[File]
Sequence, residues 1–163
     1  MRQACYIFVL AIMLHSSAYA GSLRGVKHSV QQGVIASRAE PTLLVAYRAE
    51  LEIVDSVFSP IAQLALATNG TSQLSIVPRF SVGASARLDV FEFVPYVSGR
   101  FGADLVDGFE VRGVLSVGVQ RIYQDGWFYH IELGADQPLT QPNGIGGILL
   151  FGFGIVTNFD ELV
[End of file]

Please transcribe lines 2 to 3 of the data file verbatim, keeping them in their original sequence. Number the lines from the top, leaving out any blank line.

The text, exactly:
     1  MRQACYIFVL AIMLHSSAYA GSLRGVKHSV QQGVIASRAE PTLLVAYRAE
    51  LEIVDSVFSP IAQLALATNG TSQLSIVPRF SVGASARLDV FEFVPYVSGR